Tips To Help You and Your Loved Ones Deal With Cancer
person in the world who suffers from the devastating effects of cancer
there is a loved one who is also suffering. Every day can be difficult.
Oftentimes it can be a lonely and depressing period for the patient and
the caregiver as well.
Below are five steps developed by the National Foundation for Cancer Research (NFCR) to help you assist a loved one with cancer:
1. Be open with your fears and anxieties about the disease
— It is common the patient and the caregiver are frightened by a
cancer diagnosis. That is why it is important both of you sit down and
discuss your fears and concerns up front. By being honest, you will be
able to support each other as the treatment progresses.
2. Assist in treatment decisions
— It is important the supporting caregiver and the patient face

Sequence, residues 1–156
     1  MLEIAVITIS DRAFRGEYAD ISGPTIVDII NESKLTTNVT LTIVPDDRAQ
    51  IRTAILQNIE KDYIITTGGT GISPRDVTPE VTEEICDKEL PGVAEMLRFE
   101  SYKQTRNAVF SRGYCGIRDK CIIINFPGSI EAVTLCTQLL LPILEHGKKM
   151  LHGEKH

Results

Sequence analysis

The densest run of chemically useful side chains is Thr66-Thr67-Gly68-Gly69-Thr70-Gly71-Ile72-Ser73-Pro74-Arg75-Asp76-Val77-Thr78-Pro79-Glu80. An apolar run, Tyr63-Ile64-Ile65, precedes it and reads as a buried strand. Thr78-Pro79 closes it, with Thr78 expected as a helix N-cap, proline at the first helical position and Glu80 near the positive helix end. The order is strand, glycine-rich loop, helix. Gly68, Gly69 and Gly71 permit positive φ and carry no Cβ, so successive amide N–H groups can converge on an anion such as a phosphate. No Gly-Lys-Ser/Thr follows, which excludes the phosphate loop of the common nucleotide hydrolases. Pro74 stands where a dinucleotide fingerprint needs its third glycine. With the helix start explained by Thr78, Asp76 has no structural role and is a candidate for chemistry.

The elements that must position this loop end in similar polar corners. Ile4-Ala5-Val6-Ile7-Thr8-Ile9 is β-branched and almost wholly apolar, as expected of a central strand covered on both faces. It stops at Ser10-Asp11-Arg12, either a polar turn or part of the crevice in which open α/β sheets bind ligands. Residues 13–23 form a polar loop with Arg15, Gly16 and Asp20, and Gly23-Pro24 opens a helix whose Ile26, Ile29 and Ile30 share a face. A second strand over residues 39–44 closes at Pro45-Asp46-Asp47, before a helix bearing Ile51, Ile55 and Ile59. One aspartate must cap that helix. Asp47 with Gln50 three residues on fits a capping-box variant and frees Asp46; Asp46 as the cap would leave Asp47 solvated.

the difficult decisions about diagnosis and treatment together. If
possible, both should attend the meetings with the doctor where
treatment decisions will be discussed. It may help to decrease your
anxieties about the treatments and help you both understand any side
3. Provide a comfortable environment for the cancer patient
— By paying attention to the details of comfort for your loved
one, you will help them have to deal with one less item on their
4. Maintain a balance for yourself
— It is important you and the person you care for continue to
take time for the usual day-to-day activities. This will help you feel
less overwhelmed and keep a healthy life balance.
5. Don't be afraid to seek the support of others
— People don't need to face cancer by themselves. Seek the
support of other family members and friends, other cancer patients,
religious help, cancer support groups, doctors, and mental health
these steps and facing cancer together it can strengthen everything
that is good in a relationship," said Franklin Salisbury, president of
NFCR. "Providing a supportive environment helps the patient's and
family's ability to deal with the crisis, promotes mutual support and
helps to sustain relationships."
For more information, visit: www.nfcr.org.